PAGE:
Aribor knew he had no choice. If he did not give up the young woman Valdark would force him to reveal her whereabouts, and could have inflicted a wide variety of punishments upon him or Remzain, which could be death in some form or worse than that. Resistance was futile. He would then be turned out from Guthelm’s patronage, and the membership of Grumandorian sorcerors and wizards, even if he was allowed his life and freedom.
He felt anger in his soul towards Valdark, for his spying into affairs Aribor felt should be his own. The great sorcerer had little of the human soul about him, and yet he had gone out of his way to make it clear that he regarded him as a valuable sorceror and sought his best interests. He even felt anger towards Guthelm his King, for the harsh habits he demanded of his followers, and resentment that the King might benefit from his loss and Remzain’s beauty. There was jealousy in him, he knew, but also fear for Remzain, because, whatever Valdark might say, the King was wild and unpredictable. He could be dangerous, although it was also true he could be kind to women.
As a sorcerer and a warrior he could see much of truth in what Valdark judged. His lust for the young woman was great, so strong that it did have the power to subvert his loyalties. His desire to see Chanceleord preserved was out of character and revealed the influence Remzain had upon him. He had little doubt that if he were allowed to keep the girl he would be influenced in other matters also. Perhaps Valdark was right to prevent ths weakness from spreading. Perhaps this was in his best interests.
“You must take me to her Aribor and hand her over to me. Will you do that? You know there will be serious punishment if you refuse, “ said Valdark, clearly.
“Yes my Lord Sorceror. Of course, I know you seek my better interests,” said Aribor, knowing that it would not do to argue further. Valdark’s mind was made up. He must appear willing, even if he did not feel it, to avoid Valdark’s mistrust and future intrusion into his activities. Further scrutiny by Valdark might lead to further troubles to the rest of Remzain’s family, which Aribor found he had no wish to cause.
“I will bring Cyclander with us,” announced Valdark. “We will do it now! Lead us to the young woman.”
“Yes my Lord,” Aribor bowed his head in acceptance.
Valdark rose, his black robe billowing in a non existent breeze. Without any outward appearance of communication another sorcerer nearby, unkempt and strong, bearded, stood and followed. Cyclander was a loyal and unsociable sorcerer. He had done many unspeakable things with and for his Master Valdark, and for his ultimate Master Guthelm. Aribor had always suspected that Valdark had some particular hold over him to cause such close service. The two were rarely separated, except when Cyclander was on some errand or other. Besides his magical prowess he was physically very strong also. There would be no possibility of shortchanging Valdark with this extra presence in attendance. Aribor was resigned and rose to do his unpleasant duty.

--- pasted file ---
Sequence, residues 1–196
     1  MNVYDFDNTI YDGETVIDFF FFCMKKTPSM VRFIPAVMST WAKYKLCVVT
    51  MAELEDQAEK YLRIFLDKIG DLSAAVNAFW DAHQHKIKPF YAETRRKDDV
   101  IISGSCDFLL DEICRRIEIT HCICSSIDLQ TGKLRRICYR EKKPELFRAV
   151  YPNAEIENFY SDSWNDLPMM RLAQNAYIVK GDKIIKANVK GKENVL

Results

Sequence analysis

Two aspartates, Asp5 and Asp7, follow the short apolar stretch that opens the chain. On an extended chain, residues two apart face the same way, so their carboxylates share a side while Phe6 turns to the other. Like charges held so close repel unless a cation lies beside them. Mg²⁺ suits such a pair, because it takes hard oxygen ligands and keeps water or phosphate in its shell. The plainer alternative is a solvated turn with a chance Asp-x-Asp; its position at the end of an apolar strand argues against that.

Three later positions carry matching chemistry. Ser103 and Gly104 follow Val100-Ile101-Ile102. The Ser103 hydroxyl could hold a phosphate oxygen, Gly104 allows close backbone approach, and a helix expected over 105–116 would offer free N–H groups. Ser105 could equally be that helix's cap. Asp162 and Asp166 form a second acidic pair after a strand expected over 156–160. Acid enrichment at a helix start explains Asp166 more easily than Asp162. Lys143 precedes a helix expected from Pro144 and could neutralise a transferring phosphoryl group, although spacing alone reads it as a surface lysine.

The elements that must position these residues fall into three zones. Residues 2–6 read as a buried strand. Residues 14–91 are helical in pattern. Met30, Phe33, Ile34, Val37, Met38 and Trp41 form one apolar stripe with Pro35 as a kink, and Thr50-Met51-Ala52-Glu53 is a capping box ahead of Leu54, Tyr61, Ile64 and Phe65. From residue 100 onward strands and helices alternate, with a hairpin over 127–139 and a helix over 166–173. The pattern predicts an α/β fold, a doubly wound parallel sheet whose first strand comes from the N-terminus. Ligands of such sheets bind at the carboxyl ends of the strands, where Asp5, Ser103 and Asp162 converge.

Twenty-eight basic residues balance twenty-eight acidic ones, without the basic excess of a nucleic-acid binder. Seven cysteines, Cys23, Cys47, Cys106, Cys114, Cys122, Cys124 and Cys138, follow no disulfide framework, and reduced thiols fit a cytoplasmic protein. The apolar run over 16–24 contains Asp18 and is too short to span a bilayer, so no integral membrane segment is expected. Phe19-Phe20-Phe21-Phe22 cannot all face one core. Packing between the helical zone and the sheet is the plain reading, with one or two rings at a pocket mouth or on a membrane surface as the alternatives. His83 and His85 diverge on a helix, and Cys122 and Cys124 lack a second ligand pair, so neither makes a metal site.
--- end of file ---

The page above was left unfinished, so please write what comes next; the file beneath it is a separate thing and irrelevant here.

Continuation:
She sensed voices. A high pitched voice spoke quietly, but somehow could be heard through the wooden door. “I sense the woman is here,” Remzain heard.
“Yes my lord,” she recognised the deeper voice of Aribor, more deferent than she had heard him be before.
Remzain wondered whether the wizard had found someone to help her father, or was she to be given into other hands? Was Aribor betraying her to his superiors? Nonetheless she was comforted by the wizard’s return. Much as she had been abused by him, she had been content that his treatment of her had been no worse, and had come to trust his promise to protect her family. She understood the power of attraction she held for him and felt confident of him.
A key was thrust into the lock, rattling as it found its position, then turned. Aribor entered. “Remzain,” he greeted her, coldly she thought, “I bring my Lord Valdark, a great sorcerer.” A long thin black robed man entered, his robe fluttering in the breeze, although she had not detected there was a breeze. His hair was long and black, the face harrowed and white in contrast. He had a prominent nose, and eyes which were deeper than any she had ever met, piercing. She found his gaze too penetrating and felt disturbed. He surveyed her not as Aribor had done, with greed and the desire to gaze at her face. This man, she recognised, looked deeper than the flesh, into the soul. He disturbed her for she had never been looked at that way before. There was no smile in his face. Instantly she was unnerved! Aribor had said he would keep her safe, keep her for himself, and yet here he brought someone who was his superior. She felt instinctively she was no longer safe!
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nope, she's not safe.
nope, she's not safe.